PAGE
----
India rolled out the first phase of E-Visa facility for 43 countries on November 27th. Since then, tourism industry is all positive, the Internet is abuzz, and Indian Diaspora excited like never before. It lets visitors travel to India just with a print copy of ETA (Electronic Travel Authorization) and a passport with at least 6 months validity.
So what does the E-Visa really mean to India and it’s tourism industry? Does it mean exceptional growth or a lukewarm response? Let us bring together some statistics from the past and analyze this very initiative by the Indian government; specially when it’s one-way and not a give-and-take scheme.
The Statistics: Foreign Tourist Arrivals (FTAs)
India as a country is growing big and wide, being recognized in every part of the world. Earlier, it was known for poverty, now it’s known as the fastest developing economy of the world and an emerging superpower. Tourists are flocking to Indian shores from all parts of the globe. There has been a significant growth year after year in Indian tourism.
The statistics show that 6.31 million tourists visited India in 2011, which was a good 9.2% increase compared to 2010. Similarly, 2012 saw 6.65 million FTAs, which is an increase of 5.4% compared to 2011.
Indian Tourism Statistics 2012 report released by Ministry of Tourism reported that, 27.2% visitors came to meet their family and relatives, 27.1% visited for holiday and recreation, and about 22.5% came for business and professional purpose.
Therefore, the E-Visa facility introduced for 43 countries as mentioned in the previous post “Things to know About Indian E-Visa” allows people to come for business, medical, visiting friends and relatives, and for holiday and leisure.
Previous Initiatives By Indian Government
Visa on Arrival (VoA)
Tourism industry contributes to 7% of the GDP in the country and is therefore taken seriously by the Modi administration. Home minister Rajnath Singh said, “We want to promote tourism in the country in a big way. The contribution of tourism in GDP is approximately 7% and we want to double it.”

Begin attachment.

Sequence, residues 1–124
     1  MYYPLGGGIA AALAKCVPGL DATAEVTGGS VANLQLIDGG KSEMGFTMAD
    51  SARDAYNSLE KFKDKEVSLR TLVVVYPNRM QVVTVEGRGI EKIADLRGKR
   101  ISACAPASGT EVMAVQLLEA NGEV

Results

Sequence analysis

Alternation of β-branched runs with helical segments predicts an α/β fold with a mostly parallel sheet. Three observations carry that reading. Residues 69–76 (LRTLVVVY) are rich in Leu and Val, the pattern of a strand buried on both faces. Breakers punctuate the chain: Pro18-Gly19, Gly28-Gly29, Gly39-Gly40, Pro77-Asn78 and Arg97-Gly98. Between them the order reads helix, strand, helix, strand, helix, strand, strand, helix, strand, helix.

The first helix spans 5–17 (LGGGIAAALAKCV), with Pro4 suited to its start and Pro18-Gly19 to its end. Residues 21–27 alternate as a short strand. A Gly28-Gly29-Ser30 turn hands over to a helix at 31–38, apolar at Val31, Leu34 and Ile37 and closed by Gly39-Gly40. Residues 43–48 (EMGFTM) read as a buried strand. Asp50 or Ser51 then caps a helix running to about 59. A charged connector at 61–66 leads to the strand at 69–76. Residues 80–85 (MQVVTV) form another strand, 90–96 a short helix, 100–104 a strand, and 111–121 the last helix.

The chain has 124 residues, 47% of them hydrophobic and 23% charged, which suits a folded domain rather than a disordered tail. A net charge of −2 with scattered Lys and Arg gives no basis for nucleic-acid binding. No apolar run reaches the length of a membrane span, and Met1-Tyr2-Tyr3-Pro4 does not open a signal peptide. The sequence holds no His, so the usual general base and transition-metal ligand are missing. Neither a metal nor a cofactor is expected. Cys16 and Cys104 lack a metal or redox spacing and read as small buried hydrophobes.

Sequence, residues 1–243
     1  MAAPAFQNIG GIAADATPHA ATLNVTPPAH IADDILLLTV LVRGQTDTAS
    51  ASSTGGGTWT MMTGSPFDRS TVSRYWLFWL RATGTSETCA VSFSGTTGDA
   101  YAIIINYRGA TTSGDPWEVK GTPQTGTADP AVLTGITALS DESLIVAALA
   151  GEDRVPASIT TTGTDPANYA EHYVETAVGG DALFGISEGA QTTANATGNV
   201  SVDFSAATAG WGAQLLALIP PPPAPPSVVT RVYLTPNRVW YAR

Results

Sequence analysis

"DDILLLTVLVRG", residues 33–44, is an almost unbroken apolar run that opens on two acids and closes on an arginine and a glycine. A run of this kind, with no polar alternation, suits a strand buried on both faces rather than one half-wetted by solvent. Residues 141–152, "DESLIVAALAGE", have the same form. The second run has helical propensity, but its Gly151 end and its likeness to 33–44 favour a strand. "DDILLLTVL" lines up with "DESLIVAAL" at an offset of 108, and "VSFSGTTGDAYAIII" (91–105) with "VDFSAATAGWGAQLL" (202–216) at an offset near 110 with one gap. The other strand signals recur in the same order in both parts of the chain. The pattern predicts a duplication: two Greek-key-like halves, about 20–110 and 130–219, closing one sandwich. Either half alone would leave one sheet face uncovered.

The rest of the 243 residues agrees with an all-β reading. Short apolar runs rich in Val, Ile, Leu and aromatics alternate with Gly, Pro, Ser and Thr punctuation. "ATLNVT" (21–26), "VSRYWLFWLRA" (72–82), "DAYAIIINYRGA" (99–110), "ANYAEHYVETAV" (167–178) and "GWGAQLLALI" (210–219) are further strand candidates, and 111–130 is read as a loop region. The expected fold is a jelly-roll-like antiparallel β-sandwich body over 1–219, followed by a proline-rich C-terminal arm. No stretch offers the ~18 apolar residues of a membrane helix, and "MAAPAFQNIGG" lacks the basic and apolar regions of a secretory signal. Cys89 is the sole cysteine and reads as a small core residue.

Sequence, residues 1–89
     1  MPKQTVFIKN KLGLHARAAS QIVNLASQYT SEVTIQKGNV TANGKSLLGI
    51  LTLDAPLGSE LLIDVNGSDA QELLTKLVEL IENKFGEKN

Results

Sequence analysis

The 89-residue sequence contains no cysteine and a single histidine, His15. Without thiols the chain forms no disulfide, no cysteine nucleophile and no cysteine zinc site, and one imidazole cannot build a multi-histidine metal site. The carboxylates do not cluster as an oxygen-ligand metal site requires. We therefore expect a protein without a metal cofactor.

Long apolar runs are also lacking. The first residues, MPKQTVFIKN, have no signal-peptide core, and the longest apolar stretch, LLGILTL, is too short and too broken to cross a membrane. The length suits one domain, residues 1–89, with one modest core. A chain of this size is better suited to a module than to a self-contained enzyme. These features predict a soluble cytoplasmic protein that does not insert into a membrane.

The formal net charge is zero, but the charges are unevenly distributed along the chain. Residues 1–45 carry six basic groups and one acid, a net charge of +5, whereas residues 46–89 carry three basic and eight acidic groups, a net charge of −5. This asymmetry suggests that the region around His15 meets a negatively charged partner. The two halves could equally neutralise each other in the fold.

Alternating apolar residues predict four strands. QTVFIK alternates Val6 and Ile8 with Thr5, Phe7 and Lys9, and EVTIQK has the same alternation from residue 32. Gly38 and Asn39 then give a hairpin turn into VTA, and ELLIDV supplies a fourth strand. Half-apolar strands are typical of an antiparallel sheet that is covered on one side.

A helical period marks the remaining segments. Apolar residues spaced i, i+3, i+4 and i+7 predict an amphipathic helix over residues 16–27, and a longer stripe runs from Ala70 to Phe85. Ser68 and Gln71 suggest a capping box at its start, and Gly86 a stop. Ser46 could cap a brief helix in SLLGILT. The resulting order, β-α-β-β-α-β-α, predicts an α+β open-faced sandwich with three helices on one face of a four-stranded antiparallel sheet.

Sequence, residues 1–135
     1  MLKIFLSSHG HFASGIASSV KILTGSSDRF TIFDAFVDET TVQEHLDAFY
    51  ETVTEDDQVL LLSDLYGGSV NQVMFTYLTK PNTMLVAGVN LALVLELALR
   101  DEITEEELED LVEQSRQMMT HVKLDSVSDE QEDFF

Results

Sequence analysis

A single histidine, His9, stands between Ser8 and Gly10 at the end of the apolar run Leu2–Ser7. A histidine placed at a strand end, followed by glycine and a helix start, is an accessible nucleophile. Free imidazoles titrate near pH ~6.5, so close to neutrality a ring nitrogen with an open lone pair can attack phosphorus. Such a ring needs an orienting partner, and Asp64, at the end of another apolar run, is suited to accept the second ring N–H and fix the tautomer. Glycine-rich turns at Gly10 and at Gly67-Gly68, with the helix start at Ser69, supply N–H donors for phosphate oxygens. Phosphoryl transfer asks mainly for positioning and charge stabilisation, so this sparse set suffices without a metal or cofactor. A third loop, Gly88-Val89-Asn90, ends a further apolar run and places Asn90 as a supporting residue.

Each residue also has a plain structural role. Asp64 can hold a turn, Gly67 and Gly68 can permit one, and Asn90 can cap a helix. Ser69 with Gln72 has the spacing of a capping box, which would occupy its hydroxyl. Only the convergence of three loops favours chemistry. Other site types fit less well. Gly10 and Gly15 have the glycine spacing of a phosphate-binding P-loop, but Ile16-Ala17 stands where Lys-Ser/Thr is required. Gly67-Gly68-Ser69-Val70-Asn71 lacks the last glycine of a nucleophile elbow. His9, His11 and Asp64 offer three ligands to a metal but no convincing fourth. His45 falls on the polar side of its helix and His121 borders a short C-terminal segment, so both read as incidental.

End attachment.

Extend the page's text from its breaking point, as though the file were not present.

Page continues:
The first announcement came from Prime Minister Narendra Modi on his visit to the United States: Visa on Arrival (VoA) facility for Americans. It was later followed for many other countries including Russia, Mauritius, Norway, Myanmar, Fiji, and Australia.
This is backed by the initiative of E-Visa for 43 countries through an online portal and acceptance of the ETA at nine (9) port of entries across India.
“Hunar Se Rozgar” Programme
The UPA government introduced “Hunar Se Rozgar” programme, which means “Work Through Skills,” in the year 2009 – 10, with a purpose to create employment among the economically weaker section of the society and fill the gap in hospitality and tourism industry.
It encouraged the youth to take studies related to food and beverage, housekeeping, utility, bakery services, and other related subjects. More than 21,000 youth have been trained and employed as of January 2013.
No Touts at Tourist Places
Tourists across the world are prey to touts and India is no exception to it. However, the government is taking measures to crackdown on touts for safety and security of the tourists.
What Tourism Industry Can Expect Now?
The figures from the past show a rise in visitors year after year. So the tourism industry can brace itself to witness some real change coming their way.
More tourists from more places are likely to come and witness the charm and glory of our multi-cultural and multi-lingual nation of the world. India can also expect growth in investment from Indian Diaspora and footfall of more businesses on it shore.
That said, how India as a country and the tourism industry manages the visitors growth in the days to come is important to see.
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